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Brown puts faith in targets

AS the euphoria generated by the recent spending boost for education fades, schools are getting to grips with what they will have to achieve in return for the Chancellor's millions.

Two themes emerge from the targets agreed between the Treasury and the Department for Education and Employment and published this week in a Treasury White Paper: continual improvement in standards and closing the poverty gap.

Together with goals set for health and social security, the White Paper lists 24 targets that directly affect children - out of the 160 that have been set across every government department.

It unveils new targets for results at key stages 2, 3 and 4, GCSE, and in further education.

In line with Gordon Brown's driving philosophy of widening opportunity and reducing social exclusion, it also sets targets for truancy, expulsions, access to higher education and for children who are in care.

Meanwhile, figures released by the DFEE this week show that the improvements needed to meet these targets will increasingly be driven by central not local government.

While Mr Brown has trumpeted a 5.6 per cent annual increase in education spending over the next three years, local authority spending will grow by much less, around 3 per cent a year.

Total spending per pupil will grow by pound;370 over the next three years, ministers say. But the figures make clear that much of the cash will be channelled through special grants and as capital spending, rather than through local-authority budgets.

The goals show that the Government is pursuing hard its "something for something" philosophy.

In a foreword to the White Paper, Mr Brown states baldly his firm belief in targets, saying that they "drive good performance", and crediting them for the steady improvement in key stage 2 results.


Al targets by 2004, unless otherwise stated

Key stage 2:

Increase numbers getting level 4 beyond the 2002 target (figures to be agreed)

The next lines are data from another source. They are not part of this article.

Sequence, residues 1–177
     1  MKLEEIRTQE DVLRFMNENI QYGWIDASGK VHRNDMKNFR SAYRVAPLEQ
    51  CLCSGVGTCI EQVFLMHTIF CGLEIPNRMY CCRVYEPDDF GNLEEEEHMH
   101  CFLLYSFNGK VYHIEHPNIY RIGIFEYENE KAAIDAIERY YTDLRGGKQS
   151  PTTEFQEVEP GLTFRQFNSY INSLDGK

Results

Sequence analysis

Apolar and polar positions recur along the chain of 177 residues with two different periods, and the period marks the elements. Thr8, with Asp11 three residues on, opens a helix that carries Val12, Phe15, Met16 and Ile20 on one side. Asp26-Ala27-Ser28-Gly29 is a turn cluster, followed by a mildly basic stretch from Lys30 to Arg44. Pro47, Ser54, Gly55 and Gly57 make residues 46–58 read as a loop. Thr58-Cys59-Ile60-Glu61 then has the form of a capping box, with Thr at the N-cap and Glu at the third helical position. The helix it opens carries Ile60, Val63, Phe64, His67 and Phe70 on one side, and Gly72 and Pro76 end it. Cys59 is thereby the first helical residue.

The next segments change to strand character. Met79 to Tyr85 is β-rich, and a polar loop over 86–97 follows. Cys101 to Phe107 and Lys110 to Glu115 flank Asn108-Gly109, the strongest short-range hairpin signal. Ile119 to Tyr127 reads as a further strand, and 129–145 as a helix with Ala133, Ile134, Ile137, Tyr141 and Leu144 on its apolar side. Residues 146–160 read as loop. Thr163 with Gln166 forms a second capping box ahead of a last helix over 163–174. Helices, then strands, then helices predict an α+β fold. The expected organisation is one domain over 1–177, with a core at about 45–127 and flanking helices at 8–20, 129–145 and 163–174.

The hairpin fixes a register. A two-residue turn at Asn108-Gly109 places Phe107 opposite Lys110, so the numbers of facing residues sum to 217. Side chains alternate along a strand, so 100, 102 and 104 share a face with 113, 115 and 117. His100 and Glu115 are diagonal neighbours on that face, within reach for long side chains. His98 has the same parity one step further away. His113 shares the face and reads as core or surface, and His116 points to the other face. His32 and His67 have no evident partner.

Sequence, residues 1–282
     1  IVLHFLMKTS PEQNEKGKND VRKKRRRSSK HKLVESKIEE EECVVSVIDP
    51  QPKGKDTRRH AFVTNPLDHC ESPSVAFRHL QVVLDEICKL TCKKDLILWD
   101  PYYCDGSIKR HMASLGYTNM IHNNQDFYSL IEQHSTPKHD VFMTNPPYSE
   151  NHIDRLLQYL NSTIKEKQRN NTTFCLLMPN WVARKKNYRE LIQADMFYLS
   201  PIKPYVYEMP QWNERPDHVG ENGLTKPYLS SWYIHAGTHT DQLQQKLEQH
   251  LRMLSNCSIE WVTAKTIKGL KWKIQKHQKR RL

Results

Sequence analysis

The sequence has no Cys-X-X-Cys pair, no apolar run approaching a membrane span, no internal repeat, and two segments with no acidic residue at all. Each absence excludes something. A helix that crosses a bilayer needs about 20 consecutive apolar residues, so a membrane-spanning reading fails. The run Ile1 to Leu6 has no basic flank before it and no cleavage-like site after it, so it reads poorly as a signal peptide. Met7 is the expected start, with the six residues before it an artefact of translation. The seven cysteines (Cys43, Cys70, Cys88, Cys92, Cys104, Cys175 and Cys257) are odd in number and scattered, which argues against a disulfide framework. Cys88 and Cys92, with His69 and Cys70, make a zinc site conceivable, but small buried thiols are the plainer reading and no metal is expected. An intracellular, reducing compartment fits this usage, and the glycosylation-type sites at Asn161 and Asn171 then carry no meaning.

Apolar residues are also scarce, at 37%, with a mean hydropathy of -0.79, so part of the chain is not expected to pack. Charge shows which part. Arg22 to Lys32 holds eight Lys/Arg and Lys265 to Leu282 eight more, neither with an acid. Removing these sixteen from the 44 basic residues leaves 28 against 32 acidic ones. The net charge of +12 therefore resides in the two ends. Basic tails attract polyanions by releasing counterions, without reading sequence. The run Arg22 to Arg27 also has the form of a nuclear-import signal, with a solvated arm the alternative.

Targets for each local authority (figures to be agreed)

Key stage 3:

English, maths - 80 per cent of pupils at level 5

Science, ICT - 75 per cent at level 5

Targets for bottom 20 per cent of pupils (to be agreed)

(By 2007) English, maths, ICT - 85 per cent at level 5

(By 2007) Science - 80 per cent at level 5


More pupils to get 5 A*-Cs than in 2002

Minimum 38 per cent to get 5 A*-Cs in every local authority

Minimum 92 per cent to get 5 A*-Gs which must include English and maths

Social inclusion:

Truancy 10 per cent lower than in 2002

All pupils permanently excluded to receive full-time education

Fewer children in households where no one is in employment

Further education:

Three percentage-point increase over 2002 in 19-year-olds with national vocational qualification level 2 or equivalent

Higher education:

Half of all 18 to-30-year-olds to be in or have passed through higher education by 2010

Significant year-on-year progress to wider access

Lower drop-out rates

Lifelong learning:

Cut number of adults without basic literacy or numeracy skills by 750,000

Children in care:

Care-leavers to have education, training and employment "outcomes" at least 75 per cent of local average

At GCSE, 15 per cent of 16-year-olds to get five A*-Cs

Proportion cautioned or convicted to be closer to figure for peers

Sure Start:

Cut by a fifth the proportion of children re-registered on child-protection registers within 12 months

Cut by 10 per cent pregnant mothers who smoke

Cut by 5 percentage points four-year-olds needing specialist help with speech and language

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